‘I wish I didn’t have a bat mitzvah and Dan was alive’
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‘I wish I didn’t have a bat mitzvah and Dan was alive’

Mother of girl who celebrated at Copenhagen synagogue recalls the attack that claimed life of Jewish guard

Heavily armed police officers watch a woman laying flowers outside the main synagogue in Copenhagen, Denmark, on February 15, 2015. (photo credit: AFP/Odd Andersen)
Heavily armed police officers watch a woman laying flowers outside the main synagogue in Copenhagen, Denmark, on February 15, 2015. (photo credit: AFP/Odd Andersen)

The mother of the girl who was celebrating her bat mitzvah at a Copenhagen synagogue Saturday when a gunman opened fire outside, killing one Jewish security guard, recalled the attack with horror and grief on Monday, and expressed sorrow at the death of the beloved community member, Dan Uzan.

“Only an hour beforehand I went out to bring [Uzan] cakes and sandwiches,” Mette Bentow told Israeli daily Yedioth Ahronoth. “All of the sudden the celebration looks vain. [My daughter] Hannah told me ‘Mom, I wish I had not had a bat mitzvah and that Dan would have stayed alive.'”

Bentow said guests and children were forced to hide in a basement for two hours following the shooting.

“We were dancing and singing, and suddenly the second guard entered and told us to turn the music down,” she said. “We were not aware that there was gunfire outside.”

This photo, provided by Sebastian Zepeda, shows the scene near a synagogue where police reported a shooting in downtown Copenhagen, Denmark, Sunday, Feb. 15, 2015 (photo credit: AP Photo/Rasmus Thau Riddersh)
This photo, provided by Sebastian Zepeda, shows the scene near a synagogue where police reported a shooting in downtown Copenhagen, Denmark, Sunday, Feb. 15, 2015 (photo credit: AP Photo/Rasmus Thau Riddersh)

The guests were eventually escorted out under heavy guard through a back door, and put onto buses which took them to a police station, where they stayed until 8 a.m.

The community had previously asked police for enhanced security, and following last month’s attack on a kosher supermarket in Paris, Denmark police began reevaluating security arrangements, according to Yair Melchior, the country’s chief rabbi.

Uzan, the attack’s sole fatality and an active member of Copenhagen’s Jewish community, was labeled as a hero in the wake of the shooting. Uzan had volunteered to protect the synagogue on Saturday night as the bat mitzvah celebration was held inside.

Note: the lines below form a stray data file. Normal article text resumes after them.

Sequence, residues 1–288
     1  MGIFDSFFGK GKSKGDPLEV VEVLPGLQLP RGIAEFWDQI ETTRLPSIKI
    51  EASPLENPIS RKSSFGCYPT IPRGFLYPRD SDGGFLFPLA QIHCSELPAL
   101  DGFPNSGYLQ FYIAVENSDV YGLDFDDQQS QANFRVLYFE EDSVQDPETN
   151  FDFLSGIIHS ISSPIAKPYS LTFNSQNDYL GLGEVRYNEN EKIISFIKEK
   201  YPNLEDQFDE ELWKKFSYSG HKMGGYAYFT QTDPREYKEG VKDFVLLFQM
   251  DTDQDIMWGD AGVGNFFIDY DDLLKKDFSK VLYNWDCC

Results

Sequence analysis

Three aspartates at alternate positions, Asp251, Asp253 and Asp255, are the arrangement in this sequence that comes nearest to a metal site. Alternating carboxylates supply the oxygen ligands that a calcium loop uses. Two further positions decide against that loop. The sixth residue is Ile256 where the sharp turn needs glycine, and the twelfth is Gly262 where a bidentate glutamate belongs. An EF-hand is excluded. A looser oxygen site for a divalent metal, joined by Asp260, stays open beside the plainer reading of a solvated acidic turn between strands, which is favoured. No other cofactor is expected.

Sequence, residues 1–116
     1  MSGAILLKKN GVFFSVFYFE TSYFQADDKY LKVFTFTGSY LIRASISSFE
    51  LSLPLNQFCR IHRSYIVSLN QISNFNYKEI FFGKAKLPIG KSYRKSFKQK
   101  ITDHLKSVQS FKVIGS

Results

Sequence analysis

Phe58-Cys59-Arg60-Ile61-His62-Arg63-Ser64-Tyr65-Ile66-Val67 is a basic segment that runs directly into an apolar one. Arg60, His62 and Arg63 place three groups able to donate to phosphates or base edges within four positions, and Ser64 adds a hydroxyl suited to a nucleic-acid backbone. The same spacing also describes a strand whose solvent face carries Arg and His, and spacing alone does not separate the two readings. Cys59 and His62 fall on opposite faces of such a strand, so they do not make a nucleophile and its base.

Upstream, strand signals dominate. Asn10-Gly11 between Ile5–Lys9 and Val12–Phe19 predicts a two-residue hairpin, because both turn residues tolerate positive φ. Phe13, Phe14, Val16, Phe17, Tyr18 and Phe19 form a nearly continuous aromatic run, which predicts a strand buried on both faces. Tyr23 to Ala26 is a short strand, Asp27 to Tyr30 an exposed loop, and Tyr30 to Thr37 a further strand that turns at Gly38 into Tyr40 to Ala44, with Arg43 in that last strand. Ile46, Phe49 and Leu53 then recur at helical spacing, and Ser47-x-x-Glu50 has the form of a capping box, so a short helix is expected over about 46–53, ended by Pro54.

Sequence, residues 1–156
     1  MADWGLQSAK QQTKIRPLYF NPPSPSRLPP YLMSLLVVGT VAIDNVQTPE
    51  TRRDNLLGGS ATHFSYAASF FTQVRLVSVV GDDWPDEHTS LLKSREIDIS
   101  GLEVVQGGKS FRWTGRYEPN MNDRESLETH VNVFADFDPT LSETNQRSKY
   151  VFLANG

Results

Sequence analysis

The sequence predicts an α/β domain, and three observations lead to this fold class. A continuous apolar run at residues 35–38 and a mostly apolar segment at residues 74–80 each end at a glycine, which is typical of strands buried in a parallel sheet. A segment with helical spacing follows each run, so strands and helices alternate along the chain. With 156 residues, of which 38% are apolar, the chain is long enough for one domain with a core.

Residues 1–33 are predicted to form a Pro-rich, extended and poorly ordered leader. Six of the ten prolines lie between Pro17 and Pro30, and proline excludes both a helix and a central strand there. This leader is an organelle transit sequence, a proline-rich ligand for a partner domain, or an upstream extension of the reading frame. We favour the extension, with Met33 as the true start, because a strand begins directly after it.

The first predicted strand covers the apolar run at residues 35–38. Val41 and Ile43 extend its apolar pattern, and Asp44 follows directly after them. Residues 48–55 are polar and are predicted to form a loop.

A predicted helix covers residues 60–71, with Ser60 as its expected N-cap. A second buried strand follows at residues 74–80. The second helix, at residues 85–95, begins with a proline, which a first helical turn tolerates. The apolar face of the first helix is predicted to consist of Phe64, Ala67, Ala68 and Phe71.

The slain guard was a talented basketball player, received a degree in politics, spoke fluent Hebrew and lived in Israel for a period of time, according to Melchior.

“He was a person who was always willing to help. An amazing, amazing guy,” said Melchior, who later described the 37-year-old as “irreplaceable.”

Copenhagen Jewish community guard Dan Uzan, killed in a February 15 terrorist attack (screen capture: Channel 2)
Copenhagen Jewish community guard Dan Uzan, killed in a February 15 terrorist attack (screen capture: Channel 2)

Adam Melchior, a cousin of the chief rabbi who is currently serving in the IDF’s Givati Brigade, also spoke highly of Uzan, his friend.

“He was a great guy, always loving and charismatic. He was a loyal friend,” the soldier told The Times of Israel on Sunday.

After an earlier shooting attack Saturday at a free-speech event in the city, police beefed up security at the Jewish community building where the event was being held, Rabbi Melchior said. The gunman who killed Uzan in the attack just after midnight on Saturday-Sunday, who was later named as Omar El-Hussein, a 22-year-old Dane, also shot and wounded two police officers outside the synagogue.

Uzan’s family is active in Copenhagen’s Jewish community, Rabbi Melchior said, and Uzan attended Jewish school and joined the community’s security efforts from a young age.

Uzan wanted younger community members to replace him in the security detail, the chief rabbi said, but the community convinced him to remain at his post.

There are an estimated 6,000 to 7,000 Jews in Denmark, including about 2,000 active members of the Jewish community. The community had voiced complaints that the threat of anti-Semitism was getting increasingly more widespread — particularly from elements within the country’s Muslim population.

Adiv Sterman contributed to this report.

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